July 22, 2022 9 min read

Greetings Compleat Anglers! It is feast or famine out there right now. Some fisheries are doing quite well and others are devoid of life. On the freshwater side, it is exclusively a tailwater game at this point. With temperatures this weekend peaking in the mid-nineties, the fish that are left in our smaller streams will be extremely stressed. As such, it is time to leave these fish alone until the Fall. It is almost a certainty that any fish caught and released will die, even after initially swimming off. That said, tailwaters are a great option this time of year. With cold water in the mid-fifties, they are plenty cold to safely release fish provided you take care of them. The Farmington is the only game in town as far as Connecticut is concerned. While crowds have been substantial, especially on the weekends, it is a great option during the week. Just be sure to get there early. The premier fishery right now is the saltwater action out East. Montauk and Rhodie are in rare form. Big fish have been crushing Sandeels and fish up to 50lbs have been caught on the fly recently. With the New Moon approaching I would expect the fishing to only get better in the week to come.

Rhode Island

Rhodie is the place to be at the moment. As the majority of large migratory Stripers continue to head East, they have holed up off of Rhoadie making it one of the epicenters of the big Bass game. There are big fish all over the place right now. That, coupled with the approaching New Moon, suggest some pretty awesome fishing in the coming days. Lower light hours are absolutely critical as we get deeper into Summer. The fish are starting to become tougher to locate during mid-day and high sun. For that reason, falling tides in the early morning or evening are best (unless it is overcast then just fish whenever the tides are good). The night-time bite has been the hottest with big fish willing to hammer large poppers or bigger streamers. While certain areas tend to be hot-spots, make no mistake, they are peppered all over the place. We are seeing a ton of these larger fish on Sandeels. There are tons of them around and the larger variety is blitzed on in the mornings and evenings. These fish are anywhere from 20 to 50 pounds so, for that reason, it is a good idea to have a 10wt or 11wts with some larger flies ready to go. The salt ponds such as Ninigrit are still producing good numbers of Stripers. While the majority are smaller, schoolie sized fish, some bigger fish have been sneaking in at night to feed on the smaller forage. The other option is Gator Blues which are all over the place. They have been found mostly in deeper water making them a more viable target for the boat anglers. However, off the jetties and beaches you could run into the fish at any given time so be prepared with wire leader and sacrificial flies. The beaches and back bays have also been producing, again, during the low light hours. The night-time bite is by far the best with fish in the 30’s a common occurrence on a fly. There are a ton of options off Rhody at the moment. Whether from shore or boat, the fishing there is great right now.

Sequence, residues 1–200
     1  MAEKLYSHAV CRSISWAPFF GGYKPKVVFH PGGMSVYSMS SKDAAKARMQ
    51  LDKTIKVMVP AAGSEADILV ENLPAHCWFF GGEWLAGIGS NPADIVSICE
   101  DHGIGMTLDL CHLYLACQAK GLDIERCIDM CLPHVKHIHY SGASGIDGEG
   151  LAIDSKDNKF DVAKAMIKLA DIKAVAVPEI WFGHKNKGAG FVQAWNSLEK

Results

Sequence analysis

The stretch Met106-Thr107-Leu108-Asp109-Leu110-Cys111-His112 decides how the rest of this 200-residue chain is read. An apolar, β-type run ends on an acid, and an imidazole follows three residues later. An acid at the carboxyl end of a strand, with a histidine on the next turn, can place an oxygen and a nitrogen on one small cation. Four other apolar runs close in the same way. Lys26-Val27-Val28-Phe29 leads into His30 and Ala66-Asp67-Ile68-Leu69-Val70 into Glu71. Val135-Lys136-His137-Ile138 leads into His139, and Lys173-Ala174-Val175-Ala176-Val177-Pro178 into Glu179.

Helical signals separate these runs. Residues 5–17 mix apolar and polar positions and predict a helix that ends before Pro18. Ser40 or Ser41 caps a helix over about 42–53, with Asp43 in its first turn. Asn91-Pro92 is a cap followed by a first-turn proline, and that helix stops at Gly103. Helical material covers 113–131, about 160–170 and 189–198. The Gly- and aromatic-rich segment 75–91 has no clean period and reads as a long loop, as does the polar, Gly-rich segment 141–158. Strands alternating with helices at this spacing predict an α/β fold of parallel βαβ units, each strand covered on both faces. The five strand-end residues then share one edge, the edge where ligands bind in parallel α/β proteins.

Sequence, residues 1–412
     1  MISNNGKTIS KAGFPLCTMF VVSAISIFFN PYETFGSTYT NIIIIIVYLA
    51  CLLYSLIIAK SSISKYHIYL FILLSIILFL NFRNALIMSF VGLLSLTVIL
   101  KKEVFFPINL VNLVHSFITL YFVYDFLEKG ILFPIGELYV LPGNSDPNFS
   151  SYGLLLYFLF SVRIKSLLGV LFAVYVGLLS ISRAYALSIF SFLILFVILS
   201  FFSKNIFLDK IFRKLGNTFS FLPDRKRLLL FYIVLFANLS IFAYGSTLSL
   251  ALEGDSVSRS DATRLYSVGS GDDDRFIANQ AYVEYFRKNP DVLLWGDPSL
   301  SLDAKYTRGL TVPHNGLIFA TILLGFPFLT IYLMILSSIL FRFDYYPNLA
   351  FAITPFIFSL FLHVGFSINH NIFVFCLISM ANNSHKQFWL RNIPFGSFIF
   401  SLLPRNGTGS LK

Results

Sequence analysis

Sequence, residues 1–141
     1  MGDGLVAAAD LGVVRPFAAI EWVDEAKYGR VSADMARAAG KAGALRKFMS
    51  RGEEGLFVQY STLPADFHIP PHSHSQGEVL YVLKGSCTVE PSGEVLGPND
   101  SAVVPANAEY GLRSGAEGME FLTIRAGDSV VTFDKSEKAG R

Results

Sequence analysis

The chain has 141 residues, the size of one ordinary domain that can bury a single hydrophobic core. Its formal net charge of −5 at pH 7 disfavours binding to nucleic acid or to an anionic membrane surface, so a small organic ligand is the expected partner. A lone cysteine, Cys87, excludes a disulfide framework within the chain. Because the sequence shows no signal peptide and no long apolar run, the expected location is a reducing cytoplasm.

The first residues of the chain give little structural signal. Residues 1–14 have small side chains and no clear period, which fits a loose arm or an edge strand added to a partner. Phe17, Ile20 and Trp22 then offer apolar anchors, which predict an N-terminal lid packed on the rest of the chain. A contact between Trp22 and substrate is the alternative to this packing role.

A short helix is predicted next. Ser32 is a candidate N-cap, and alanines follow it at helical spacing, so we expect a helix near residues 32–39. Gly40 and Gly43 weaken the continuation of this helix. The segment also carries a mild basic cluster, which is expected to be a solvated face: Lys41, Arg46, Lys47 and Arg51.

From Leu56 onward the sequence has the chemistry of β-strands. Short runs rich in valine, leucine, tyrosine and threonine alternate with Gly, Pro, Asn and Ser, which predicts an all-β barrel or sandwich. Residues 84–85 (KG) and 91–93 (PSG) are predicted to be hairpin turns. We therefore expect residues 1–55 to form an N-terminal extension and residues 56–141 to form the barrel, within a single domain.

Farmington River